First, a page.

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    What about a regulator/rectifier that isn't running the stator at 100% capacity all the time. :dunno
  10. JRWooden

    JRWooden Long timer

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    Sorry to not be clear!
    IMHO a non-shunt type R/R (that did not run the stator flat out all the time) would reduce heating in the stator and thus reduce (eliminate?) stator failures.

    I was mostly trying to just respond to VTBob with regards to why the OEM design is failing prematurely ....
  11. GB

    GB . Administrator

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    If I had the technical know how, that's where I'd start.. Someone posted a link to an RR sold on Amazon.com An enterprising inmate could figure out a a plug and play kit to replace the stock RR and see if that runs the stator cooler.
  12. C5!

    C5! Been here awhile

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    I have purchased a Compufire regulator. When I receive it, along with a new stator (No. 4), I will install it and hopefully I will forget this nightmare. Meanwhile I will have the No.3 stator rewound and carry it as a spare on all long trips! :deal
    For general information, I have 45.000 km (less than 30.000 miles !!) on a 2009 model
  13. JRWooden

    JRWooden Long timer

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    C5!:

    Keep us posted! .......

    Two things I have read about the "series" style regulators
    1) They are less efficient at low speed than the shunt type
    and
    2) they could create more electrical noise in the system

    Let me be clear here :deal
    I'm not saying this is certain, I really don't know ... it's just what I've read here and there....
    I'd like to have more time to study this issue, it seems to crop up on other brands/models from time to time,
    so it's not just "us" :lol3
  14. C5!

    C5! Been here awhile

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    I dismantled the No.3 stator this morning. It appears that the "pole" which started to heat-up is the one at 180 degrees, the one right at the bottom. I don't know if it means anything, or if it gives credit to cowboy's assumption that there is too much heat coming from the exhaust, this is indeed the point closest to the exhaust.
    Stay tuned I will post pictures when I download them from the phone.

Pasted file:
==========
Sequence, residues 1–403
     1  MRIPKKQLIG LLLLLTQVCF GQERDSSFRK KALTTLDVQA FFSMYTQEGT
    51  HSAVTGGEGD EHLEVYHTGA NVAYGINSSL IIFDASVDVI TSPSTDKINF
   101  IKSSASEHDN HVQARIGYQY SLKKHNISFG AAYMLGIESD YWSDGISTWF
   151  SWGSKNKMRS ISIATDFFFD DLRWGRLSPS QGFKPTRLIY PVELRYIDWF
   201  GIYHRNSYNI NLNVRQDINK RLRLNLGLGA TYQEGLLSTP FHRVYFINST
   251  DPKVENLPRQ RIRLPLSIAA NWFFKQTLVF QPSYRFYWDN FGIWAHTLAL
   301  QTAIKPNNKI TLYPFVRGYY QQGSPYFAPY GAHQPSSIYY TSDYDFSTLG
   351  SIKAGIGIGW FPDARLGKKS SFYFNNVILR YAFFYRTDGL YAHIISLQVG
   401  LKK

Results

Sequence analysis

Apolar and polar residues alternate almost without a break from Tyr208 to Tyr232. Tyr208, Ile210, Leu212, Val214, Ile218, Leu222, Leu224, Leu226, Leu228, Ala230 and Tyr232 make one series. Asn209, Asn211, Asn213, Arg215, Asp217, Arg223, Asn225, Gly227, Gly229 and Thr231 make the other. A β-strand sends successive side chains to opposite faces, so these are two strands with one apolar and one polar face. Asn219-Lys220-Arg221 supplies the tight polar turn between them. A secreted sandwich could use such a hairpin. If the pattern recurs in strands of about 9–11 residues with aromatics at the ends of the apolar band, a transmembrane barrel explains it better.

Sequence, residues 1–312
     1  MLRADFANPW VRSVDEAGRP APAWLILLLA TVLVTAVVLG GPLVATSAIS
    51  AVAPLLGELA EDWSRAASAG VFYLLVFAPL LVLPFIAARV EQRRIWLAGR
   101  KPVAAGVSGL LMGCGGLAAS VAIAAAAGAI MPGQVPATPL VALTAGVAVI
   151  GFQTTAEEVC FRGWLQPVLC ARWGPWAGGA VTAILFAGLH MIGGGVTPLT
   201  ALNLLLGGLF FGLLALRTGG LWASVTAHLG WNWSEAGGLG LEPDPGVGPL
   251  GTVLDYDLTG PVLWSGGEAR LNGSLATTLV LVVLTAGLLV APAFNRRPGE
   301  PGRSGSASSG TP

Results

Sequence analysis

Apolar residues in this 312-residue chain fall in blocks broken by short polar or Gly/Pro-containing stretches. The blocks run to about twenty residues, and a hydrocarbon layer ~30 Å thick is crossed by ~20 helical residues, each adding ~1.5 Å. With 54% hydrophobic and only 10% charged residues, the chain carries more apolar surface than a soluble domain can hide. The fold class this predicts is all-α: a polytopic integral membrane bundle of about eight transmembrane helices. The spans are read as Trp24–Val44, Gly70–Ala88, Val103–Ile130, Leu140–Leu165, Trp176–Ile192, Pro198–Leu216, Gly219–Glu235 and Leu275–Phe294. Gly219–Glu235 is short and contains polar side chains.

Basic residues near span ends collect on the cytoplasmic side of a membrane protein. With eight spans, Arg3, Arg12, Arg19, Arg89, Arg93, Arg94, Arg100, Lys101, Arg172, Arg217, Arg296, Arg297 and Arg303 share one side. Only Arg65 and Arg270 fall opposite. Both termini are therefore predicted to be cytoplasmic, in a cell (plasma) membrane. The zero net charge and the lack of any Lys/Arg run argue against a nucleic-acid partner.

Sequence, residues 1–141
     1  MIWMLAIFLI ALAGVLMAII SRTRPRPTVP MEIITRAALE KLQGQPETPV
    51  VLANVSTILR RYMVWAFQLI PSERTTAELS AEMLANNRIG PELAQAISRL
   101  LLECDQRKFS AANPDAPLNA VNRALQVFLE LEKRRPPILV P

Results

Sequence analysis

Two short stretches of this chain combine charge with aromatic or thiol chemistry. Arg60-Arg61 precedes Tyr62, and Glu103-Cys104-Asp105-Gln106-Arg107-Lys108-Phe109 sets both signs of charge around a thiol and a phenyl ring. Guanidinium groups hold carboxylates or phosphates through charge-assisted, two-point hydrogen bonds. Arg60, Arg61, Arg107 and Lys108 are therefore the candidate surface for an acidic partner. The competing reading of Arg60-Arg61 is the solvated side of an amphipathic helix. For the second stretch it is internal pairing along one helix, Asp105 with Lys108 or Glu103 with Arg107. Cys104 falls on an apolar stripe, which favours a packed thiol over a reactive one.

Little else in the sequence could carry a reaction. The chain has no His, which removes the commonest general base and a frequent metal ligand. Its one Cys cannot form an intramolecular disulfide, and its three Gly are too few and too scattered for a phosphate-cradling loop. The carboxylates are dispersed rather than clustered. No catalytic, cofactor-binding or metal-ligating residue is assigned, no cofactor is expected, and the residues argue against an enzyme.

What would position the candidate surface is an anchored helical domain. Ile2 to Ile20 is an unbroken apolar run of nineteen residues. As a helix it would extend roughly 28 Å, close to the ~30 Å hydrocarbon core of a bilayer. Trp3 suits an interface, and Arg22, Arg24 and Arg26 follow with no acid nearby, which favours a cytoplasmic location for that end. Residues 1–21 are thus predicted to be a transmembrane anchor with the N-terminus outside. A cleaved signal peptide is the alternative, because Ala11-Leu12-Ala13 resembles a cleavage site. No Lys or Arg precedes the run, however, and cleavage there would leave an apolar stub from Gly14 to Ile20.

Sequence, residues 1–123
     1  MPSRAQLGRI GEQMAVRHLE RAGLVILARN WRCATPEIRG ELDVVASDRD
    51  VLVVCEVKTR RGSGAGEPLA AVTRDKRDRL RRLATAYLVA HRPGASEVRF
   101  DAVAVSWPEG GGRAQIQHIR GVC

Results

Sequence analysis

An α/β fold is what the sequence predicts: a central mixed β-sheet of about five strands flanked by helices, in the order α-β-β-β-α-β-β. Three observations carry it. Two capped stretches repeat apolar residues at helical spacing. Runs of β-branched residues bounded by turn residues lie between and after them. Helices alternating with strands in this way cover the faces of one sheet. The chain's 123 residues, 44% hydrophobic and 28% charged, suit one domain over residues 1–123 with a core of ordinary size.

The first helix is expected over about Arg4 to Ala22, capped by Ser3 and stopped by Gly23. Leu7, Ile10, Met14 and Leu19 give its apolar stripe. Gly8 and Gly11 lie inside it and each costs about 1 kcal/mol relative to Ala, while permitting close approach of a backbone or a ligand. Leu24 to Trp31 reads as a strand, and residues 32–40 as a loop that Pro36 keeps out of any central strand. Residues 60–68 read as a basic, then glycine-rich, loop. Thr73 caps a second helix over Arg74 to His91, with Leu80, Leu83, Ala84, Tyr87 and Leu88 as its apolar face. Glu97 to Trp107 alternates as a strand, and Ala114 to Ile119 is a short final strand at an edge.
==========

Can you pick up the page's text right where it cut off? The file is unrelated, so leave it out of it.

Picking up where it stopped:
In terms of data.
    the battery seems to have suffered from this 2000 km ride on battery...
    ignition off, 12.41 V
    ignition on, headlight on, not running, 11.95 V
    bike started, idle, 11.98 V

    Now the stator (No. 3)
    resistance between all 3 phases, almost zero
    resistance between ground and each phase, open circuit.

    Voltage output
    between Ground and
    phase 1: 1.06
    phase 2: 0.99
    phase 3: 0.6

    between phases, at idle
    1-2: 2.10
    2-3: 1.98
    1-3: 1.6
  15. C5!

    C5! Been here awhile

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    here is the stator still in its original location...

    Attached Files:

  16. C5!

    C5! Been here awhile

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    this is the "oil cooling" !!! 3 drops of oil at the bottom... is that an oil bath?
    ok th ebike is on its sidestand, if it would be vertical, would there be lot more oil?

    Attached Files:

  17. C5!

    C5! Been here awhile

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    somebody can give me a tip on how to open this connector?

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  18. JRWooden

    JRWooden Long timer

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    C5!:

    Neither the BMW nor the Haynes manual offer hints on releasing that connector...

    Question on the flywheel ... there seem to be two counterbored holes that are unused?
    Any idea why they are there?

    I don't think there is an oil bath ... only the wish that there was one........
    Some other engines use them, but ours alas does not as best I can tell ....
  19. JoelWisman

    JoelWisman Long timer

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    Merry Christmas all!

    The 2 holes are where the official BMW puller pushes. The rotor is a taper fit.

    Why oh why not a nozzle BMW. The crank is right behind that, hollow, and pressurized with oil. That said I don't fancy modding it. The big end bearings need oil too and I don't know how much if any surplus there is.

    There is a tiny tab on the connector, look where you wouldn't expect it to be and you will find it.

    No question from the picture, the stator is getting hotter towards the front of the motor.

    One issue I have with a series regulator is it wouldn't have helped me in the winter at all. They are a little less efficient at all RPM's cause there is more resistance for the current to pass through. A shunt type of regulator is pretty close to 100% efficient at full load. I used every amp the 400 watt alternator could produce for heated gear and lighting, so it wouldn't reduce load on the magnet wire at all for me, not on cold trips at least.

    I was already using high tech and expensive LED lighting and efficient heated gear and that was just one up. Two up I had to only heat my chest so G/F could heat hers as well.
  20. JRWooden

    JRWooden Long timer

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    Thanks Joel!

    Merry Christmas to you as well buddy!

    I'm looking around at exhaust pipe shields ....